Canada's prison system overhauls transgender inmate policy
Offenders can now be placed in prison based on gender identity rather than anatomy
Canada's prison system has overhauled its policies around transgender inmates and will now place offenders in a men's or women's institution based on their gender identity.
Under a new Correctional Service Canada (CSC) policy, transgender inmates can be placed in an institution of their preference, "regardless of their anatomy (sex) or gender on their identification documents, unless there are overriding health or safety concerns which cannot be resolved."
The policy changes, which kicked in Dec. 27, 2017, will ensure federal offenders who identify as transgender are afforded the same protections, dignity and treatment as others, according to CSC.
"We are overjoyed that CSC is making so many positive changes that recognize the human rights of trans people in the correctional system. These changes will improve the safety and dignity of transgender federal offenders in Canada, affecting every aspect of their daily lives," Jennifer Metcalfe, executive director of the B.C. based Prisoners' Legal Services, said in a statement.
Under the new policy guidelines:
- Communication products will reflect gender-inclusive language.
- Steps will be taken to ensure privacy and confidentiality of information related to an offender's gender identity ensuring it will only be shared with those directly involved with the offender's care, and only when relevant.
- CSC will use an offender's preferred name and pronoun in all oral interaction and written documentation.
- Individualized protocols will be developed for offenders who seek to be accommodated on the basis of gender identity or expression, including spiritual ceremonies, showers and toilets, frisk and strip searches, urinalysis, decontamination showers and monitoring under camera surveillance.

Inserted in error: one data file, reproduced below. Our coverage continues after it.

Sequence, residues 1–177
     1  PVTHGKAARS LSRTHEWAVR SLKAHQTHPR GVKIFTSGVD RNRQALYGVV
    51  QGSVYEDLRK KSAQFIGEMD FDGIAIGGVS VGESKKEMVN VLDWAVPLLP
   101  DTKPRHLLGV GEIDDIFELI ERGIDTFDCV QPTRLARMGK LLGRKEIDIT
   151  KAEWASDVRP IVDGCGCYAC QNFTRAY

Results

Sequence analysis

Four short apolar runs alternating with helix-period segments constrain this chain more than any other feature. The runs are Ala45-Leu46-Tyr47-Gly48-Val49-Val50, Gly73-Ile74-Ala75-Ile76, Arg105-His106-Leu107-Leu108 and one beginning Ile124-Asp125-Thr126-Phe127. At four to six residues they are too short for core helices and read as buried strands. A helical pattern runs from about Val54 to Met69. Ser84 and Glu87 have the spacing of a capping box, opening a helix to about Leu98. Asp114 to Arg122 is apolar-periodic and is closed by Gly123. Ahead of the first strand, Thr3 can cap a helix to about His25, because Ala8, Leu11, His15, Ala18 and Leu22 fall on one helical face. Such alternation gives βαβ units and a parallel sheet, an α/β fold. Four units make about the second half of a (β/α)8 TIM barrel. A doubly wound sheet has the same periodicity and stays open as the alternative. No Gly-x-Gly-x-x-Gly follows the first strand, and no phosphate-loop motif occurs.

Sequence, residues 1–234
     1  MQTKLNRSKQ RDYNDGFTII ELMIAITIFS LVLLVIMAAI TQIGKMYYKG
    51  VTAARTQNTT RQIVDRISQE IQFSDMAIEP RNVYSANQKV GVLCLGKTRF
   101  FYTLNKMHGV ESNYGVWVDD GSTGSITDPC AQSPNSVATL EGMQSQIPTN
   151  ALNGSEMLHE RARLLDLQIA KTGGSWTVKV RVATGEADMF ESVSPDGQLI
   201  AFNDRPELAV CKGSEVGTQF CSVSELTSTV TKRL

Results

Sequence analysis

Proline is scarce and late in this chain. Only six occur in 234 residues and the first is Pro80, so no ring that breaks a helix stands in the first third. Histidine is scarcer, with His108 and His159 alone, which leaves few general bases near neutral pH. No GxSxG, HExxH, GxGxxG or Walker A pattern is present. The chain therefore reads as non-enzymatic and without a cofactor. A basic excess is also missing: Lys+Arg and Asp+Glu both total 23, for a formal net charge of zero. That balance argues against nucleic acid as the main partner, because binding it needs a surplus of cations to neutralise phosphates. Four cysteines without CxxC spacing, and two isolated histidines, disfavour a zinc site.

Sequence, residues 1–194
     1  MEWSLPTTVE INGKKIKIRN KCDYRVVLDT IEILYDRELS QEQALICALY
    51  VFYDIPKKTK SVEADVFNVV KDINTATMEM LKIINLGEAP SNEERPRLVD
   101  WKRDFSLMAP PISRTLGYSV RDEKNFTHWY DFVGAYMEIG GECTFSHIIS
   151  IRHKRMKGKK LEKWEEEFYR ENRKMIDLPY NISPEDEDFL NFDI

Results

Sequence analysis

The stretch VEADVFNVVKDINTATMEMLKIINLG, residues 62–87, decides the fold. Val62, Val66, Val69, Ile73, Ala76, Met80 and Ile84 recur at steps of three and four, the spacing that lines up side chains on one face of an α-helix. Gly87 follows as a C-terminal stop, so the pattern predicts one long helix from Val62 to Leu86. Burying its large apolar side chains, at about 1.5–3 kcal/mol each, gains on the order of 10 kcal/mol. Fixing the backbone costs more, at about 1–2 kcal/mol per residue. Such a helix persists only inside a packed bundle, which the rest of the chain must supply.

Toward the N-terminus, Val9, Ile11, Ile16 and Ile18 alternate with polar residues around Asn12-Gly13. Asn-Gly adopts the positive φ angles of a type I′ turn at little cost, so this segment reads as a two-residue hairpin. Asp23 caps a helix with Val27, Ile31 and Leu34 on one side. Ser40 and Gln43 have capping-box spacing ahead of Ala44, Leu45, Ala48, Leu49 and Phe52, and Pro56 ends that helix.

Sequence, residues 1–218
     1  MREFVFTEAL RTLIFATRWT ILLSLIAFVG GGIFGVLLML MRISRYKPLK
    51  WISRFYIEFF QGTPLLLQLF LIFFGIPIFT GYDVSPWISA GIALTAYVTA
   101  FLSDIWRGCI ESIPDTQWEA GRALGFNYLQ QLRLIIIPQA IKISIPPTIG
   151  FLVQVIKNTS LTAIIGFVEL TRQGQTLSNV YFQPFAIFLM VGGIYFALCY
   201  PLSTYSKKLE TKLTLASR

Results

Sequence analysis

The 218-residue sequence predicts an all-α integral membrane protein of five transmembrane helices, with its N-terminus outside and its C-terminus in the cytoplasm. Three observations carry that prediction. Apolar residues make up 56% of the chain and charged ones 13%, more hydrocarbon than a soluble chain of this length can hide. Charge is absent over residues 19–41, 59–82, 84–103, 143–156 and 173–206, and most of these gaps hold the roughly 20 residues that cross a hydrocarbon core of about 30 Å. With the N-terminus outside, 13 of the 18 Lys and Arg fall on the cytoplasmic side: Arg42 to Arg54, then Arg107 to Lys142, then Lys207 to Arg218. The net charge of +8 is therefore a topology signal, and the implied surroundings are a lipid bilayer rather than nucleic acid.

- Offenders may purchase authorized items from CSC catalogues for either men or women if there are no safety, health or security concerns according to the security level of their institution. Preferred clothing and personal effects will be accommodated "to the greatest extent possible."
CBC News reported last year that the first federal transgender inmate was being transferred from a men's prison to a women's institution in B.C.
Fallon Aubee, who had been serving a life sentence at B.C.'s Mission Institution was transferred to Fraser Valley Institution for Women under an interim policy to consider requests on a case-by-case basis.
The change was prompted by Prime Minister Justin Trudeau after he was asked about the issue at a town hall meeting in Kingston, Ont. by participant Teresa Windsor.
Trudeau promised to promote equality for all transgender Canadians, including those behind bars, and made an off-the-cuff pledge to address what advocates see as a human rights issue.
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